The loss of function can, however, be partially compensated for with good success by fitting a hearing aid . If this cannot be used, a cochlear implant (CI, English cochlear implant ) or an active middle ear implant can restore or improve hearing performance.


  • Active middle ear implant: The partially implanted or fully implanted system picks up signals via a microphone and converts them into vibrations that are transmitted directly to the ossicles.
  • Cochlear implant: The signal picked up by the microphone is processed by a speech processor and then transmitted directly to the auditory nerve through an electrode.
  • Brain stem implant : The signal is passed on directly to brain structures.

Combined hearing loss

Combined hearing loss in the tone audiogram

If, in addition to a sound conduction disorder, there is also a sound sensation disorder, the hearing losses of the two types of hearing loss add up, one speaks of a "combined hearing loss".


The focus of the diagnosis is the tone audiogram. A further diagnosis of the individual components (conductive hearing loss, sensorineural hearing loss) can be carried out as with these.


  • Chronic otitis media
  • Independent causes of conductive and sensorineural hearing loss
  • Otosclerosis with involvement of the inner ear

Quantitative assessment

When classifying a degree of hearing loss, a strict distinction must be made between a medical and healthcare law perspective. While the tone audiogram is usually used for medical questions , other classifications (e.g. for the degree of disability) relate more to the socially more important restriction of communication through recording the speech audiogram .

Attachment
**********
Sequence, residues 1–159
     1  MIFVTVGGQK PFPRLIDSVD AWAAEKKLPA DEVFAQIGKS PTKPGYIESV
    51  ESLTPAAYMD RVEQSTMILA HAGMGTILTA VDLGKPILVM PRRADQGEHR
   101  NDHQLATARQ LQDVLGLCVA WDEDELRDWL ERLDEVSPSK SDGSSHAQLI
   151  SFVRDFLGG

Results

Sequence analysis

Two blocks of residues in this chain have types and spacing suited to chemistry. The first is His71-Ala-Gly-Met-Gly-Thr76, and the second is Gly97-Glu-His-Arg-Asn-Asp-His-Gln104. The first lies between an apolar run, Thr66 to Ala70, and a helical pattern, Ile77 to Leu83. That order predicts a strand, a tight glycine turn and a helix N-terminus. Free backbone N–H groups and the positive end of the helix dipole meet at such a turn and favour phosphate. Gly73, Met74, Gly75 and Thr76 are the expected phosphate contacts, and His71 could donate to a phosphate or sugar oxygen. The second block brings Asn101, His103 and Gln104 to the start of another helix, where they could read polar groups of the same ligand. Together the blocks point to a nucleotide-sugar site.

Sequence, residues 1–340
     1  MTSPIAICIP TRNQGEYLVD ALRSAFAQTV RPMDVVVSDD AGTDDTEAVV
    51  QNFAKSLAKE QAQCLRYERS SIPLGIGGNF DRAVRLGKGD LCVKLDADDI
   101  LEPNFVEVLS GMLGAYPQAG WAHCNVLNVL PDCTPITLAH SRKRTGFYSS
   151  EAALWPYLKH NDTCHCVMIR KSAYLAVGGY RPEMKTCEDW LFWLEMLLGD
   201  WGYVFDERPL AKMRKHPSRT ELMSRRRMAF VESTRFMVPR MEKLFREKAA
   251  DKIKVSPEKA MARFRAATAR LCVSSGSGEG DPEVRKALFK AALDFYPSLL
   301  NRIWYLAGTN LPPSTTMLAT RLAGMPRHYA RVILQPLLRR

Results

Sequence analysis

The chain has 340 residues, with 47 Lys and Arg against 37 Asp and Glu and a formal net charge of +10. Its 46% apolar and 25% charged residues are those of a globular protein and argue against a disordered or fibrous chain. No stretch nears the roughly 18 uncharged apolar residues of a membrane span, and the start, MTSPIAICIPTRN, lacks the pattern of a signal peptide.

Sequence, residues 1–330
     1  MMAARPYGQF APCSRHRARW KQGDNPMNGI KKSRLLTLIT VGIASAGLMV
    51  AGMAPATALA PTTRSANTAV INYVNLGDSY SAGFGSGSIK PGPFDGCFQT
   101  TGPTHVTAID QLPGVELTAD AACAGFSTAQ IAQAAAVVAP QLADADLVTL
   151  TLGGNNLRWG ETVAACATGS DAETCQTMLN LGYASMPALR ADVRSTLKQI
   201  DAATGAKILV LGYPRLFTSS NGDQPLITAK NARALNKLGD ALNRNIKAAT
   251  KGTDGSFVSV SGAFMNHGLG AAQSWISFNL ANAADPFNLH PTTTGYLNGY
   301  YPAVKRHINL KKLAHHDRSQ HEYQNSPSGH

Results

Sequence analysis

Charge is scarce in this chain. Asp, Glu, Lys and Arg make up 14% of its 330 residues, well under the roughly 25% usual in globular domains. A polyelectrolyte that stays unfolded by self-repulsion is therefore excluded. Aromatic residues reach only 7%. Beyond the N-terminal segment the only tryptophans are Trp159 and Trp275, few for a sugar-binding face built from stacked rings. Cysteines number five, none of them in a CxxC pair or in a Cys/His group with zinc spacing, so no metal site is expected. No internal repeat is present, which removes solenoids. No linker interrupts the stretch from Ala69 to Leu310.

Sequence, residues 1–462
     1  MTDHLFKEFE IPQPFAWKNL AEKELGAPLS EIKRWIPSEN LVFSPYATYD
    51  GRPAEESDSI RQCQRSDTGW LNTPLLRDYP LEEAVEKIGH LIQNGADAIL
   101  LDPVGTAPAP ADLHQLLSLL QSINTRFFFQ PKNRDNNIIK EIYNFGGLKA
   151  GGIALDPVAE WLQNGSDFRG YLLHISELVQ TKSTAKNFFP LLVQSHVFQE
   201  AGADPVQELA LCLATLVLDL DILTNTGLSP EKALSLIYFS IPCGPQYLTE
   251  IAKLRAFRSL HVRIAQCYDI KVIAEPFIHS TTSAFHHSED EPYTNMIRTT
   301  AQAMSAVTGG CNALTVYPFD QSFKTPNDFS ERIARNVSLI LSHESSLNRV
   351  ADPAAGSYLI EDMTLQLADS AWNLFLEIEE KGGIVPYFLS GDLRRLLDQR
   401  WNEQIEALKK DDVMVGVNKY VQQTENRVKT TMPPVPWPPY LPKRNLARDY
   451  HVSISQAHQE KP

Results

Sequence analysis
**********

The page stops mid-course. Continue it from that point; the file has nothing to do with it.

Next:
Assessment after hearing range test

Originally, the degree of hearing loss was determined according to the hearing range for numerals, the classification that is still valid today comes from Mittermaier (1952). The terms used are strictly defined and can therefore not be changed at will.

Assessment according to the speech audiogram

After the development of Freiburg speech audiometry ( Hahlbrock , 1957), this method soon became the basis for determining hearing loss (HG Boenninghaus and D. Röser, 1958 and 1973), which could now be expressed as a percentage. The Boenninghaus-Röser tables are also the basis for calculating the percentage of hearing loss according to the so-called weighted total word comprehension (Feldmann). Determining the percentage of hearing loss is therefore a very complex assessment. Equating the hearing loss in decibels from the audio audiogram with the percentage hearing loss is not permitted.

The following subdivision is common according to the degree of severity; the percentage hearing loss relates to the individual ear:

Degree of hearing loss according to the speech audiogram Hearing loss
mild hearing loss 20-40%
moderate hearing loss 40-60%
severe hearing loss 60-80%
Residual hearing 80-95%
deafness 100%

The percentage of hearing loss in both ears is used to assess the degree of disability (GdB) or the reduced ability to work (MdE).

Assessment according to the tone audiogram